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April 13, St. Hermenegild, Martyr

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Today is the feast of St. Hermenegild, eldest son of Levigild, the Visigothic king of Spain, and his first wife, Theodosia. Levigild shared his kingdom with his sons, placing Hermenegild on the throne at Seville.

Hermenegild and his brother Recared were Arians like their parents and like their stepmother, Gosvint, but when Hermenegild married Ingondes, a Catholic, her example and the "instructions and exhortations of St. Leander, bishop of Seville" caused the Arian Hermenegild to be "received into the church by the imposition of hands, and the unction of chrism on the forehead".

Commissioner seen as likely outcome of Legionary investigation

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By JOHN L. ALLEN JR.
Rome

tAs a Vatican-sponsored investigation of the Legionaries of Christ reaches its end-game, the leading hypothesis in Rome appears to be that Pope Benedict XVI may appoint a special “commissioner” to lead the order through a period a reform.

tThe appointment would, in effect, amount to a compromise between total suppression of the Legionaries, as some of the order’s fiercest critics have suggested, and a papal “certificate of good conduct,” as some of its Vatican backers had initially hoped.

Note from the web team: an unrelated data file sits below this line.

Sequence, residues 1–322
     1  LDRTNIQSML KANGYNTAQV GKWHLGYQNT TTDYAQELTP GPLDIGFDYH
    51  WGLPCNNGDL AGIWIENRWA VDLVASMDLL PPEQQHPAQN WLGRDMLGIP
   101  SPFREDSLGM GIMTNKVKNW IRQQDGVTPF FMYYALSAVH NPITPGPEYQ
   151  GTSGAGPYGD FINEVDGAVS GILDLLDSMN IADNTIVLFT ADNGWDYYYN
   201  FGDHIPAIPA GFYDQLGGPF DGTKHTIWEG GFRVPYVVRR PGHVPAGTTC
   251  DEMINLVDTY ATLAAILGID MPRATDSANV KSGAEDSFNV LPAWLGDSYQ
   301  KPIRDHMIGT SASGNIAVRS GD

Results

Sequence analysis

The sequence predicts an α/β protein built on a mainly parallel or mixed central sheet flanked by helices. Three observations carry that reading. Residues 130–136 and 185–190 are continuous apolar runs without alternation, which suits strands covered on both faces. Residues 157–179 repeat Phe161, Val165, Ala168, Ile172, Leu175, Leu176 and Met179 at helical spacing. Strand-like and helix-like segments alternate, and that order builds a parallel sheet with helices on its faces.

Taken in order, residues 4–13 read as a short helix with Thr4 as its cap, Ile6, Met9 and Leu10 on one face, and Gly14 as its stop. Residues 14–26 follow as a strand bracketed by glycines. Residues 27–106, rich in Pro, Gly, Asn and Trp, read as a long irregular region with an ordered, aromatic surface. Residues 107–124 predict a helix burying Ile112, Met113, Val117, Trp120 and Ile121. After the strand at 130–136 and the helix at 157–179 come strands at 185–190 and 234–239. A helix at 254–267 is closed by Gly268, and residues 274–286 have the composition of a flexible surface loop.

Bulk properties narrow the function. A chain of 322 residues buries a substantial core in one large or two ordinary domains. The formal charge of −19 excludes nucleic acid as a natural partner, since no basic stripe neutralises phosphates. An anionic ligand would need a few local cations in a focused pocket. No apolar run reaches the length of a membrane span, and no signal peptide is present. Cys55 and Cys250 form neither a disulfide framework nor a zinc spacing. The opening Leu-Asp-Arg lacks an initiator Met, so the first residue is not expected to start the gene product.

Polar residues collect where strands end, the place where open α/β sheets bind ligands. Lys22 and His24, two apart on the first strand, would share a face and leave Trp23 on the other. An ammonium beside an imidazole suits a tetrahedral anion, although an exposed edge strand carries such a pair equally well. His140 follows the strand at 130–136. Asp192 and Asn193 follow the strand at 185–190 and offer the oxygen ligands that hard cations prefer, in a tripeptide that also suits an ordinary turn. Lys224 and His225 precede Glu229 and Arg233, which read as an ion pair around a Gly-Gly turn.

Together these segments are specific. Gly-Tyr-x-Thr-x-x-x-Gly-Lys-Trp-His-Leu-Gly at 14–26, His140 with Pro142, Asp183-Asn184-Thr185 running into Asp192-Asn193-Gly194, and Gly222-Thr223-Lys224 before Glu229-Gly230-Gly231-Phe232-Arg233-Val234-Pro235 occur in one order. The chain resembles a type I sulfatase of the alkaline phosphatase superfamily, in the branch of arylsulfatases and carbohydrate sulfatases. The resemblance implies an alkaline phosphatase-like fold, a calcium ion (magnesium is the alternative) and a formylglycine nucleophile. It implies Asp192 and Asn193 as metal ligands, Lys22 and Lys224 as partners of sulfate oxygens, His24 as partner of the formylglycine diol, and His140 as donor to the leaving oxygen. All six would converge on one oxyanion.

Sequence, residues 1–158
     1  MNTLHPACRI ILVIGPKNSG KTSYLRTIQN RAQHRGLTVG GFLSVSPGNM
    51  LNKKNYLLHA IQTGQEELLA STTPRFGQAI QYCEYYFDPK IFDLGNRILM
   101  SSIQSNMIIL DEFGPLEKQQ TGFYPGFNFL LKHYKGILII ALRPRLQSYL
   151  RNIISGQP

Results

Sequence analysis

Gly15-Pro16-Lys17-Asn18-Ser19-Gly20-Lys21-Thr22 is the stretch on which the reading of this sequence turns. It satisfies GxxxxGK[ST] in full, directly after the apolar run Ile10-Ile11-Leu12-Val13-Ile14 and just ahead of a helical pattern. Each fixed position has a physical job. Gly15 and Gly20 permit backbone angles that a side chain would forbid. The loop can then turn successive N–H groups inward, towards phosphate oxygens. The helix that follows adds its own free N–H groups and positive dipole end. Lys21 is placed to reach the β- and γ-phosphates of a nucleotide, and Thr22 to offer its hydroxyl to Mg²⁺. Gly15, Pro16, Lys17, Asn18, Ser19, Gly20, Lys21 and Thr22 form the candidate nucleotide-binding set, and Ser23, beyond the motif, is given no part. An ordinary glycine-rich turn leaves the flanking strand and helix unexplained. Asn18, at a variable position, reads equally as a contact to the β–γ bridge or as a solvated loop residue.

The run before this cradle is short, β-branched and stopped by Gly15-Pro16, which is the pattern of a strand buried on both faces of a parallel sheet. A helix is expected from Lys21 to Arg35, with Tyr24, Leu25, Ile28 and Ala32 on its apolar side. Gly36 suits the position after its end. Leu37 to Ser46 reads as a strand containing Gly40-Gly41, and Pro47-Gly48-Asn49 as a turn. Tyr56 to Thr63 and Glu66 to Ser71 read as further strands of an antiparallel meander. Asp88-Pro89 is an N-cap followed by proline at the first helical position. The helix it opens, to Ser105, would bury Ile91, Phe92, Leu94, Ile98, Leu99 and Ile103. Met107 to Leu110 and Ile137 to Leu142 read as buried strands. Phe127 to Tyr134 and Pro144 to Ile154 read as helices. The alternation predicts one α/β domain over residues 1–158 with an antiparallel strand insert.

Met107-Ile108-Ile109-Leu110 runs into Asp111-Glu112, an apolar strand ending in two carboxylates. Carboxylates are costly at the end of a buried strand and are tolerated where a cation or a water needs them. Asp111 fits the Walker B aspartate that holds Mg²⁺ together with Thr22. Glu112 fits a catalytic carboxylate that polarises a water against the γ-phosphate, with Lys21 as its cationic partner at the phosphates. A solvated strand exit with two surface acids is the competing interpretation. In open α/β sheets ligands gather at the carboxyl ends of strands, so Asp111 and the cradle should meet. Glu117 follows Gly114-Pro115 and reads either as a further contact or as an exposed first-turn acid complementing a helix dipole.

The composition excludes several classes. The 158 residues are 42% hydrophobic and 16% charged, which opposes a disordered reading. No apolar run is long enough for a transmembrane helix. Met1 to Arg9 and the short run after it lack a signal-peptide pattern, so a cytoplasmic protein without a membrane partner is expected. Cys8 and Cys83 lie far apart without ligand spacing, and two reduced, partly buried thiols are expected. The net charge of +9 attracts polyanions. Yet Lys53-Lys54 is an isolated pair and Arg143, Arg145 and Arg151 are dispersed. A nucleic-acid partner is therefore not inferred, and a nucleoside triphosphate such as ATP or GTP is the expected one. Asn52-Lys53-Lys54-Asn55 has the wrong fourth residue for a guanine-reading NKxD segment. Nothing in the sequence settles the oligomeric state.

tWhile it’s not clear what might happen with the order’s current leadership team under this scenario, an April 13 piece in Corriere della Sera suggested that a commissioner would have “full powers” to make decisions in the name of the pope. Though it’s considered likely that Benedict XVI would tap someone from outside the Legionaries, others have suggested that a commissioner could be named from among those Legionaries not tainted by the scandals surrounding the founder, Fr. Marcial Maciel Degollado.

Ordination observations

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On Saturday I attended the latest ordinations by the Womenpriests group in Chicago, which I also wrote about in the most recent issue of NCR. Bishop Joan Clark Houk of Pittsburgh ordained Janine Denomme of Chicago and Marty Meyer-Gad of Minnesota as Roman Catholic priests.

Some observations:

* It was a beautiful spring day; Ebenezer Lutheran Church was packed; and the choir and music was spectacular.

* Attending were friends and family of the newly ordained, but also other supporters of women's ordination. Not everyone was comfortable being seen there. After I shook the hand of a familiar-looking woman at the Sign of Peace, I asked her if I knew her. She shook her head and said, "No, not going there." (Perhaps she recognized me as an NCR columnist/reporter?)

* Sadly, Denomme, who is being treated for Stage 4 colon and liver cancer, had to leave the ceremony during the Liturgy of the Word. But women bishops are flexible! Houk left the sanctuary to lay hands on and anoint Denomme, who was resting in an upstairs room. The entire congregation lifted their hands to pray for her.

FDR's Anniversary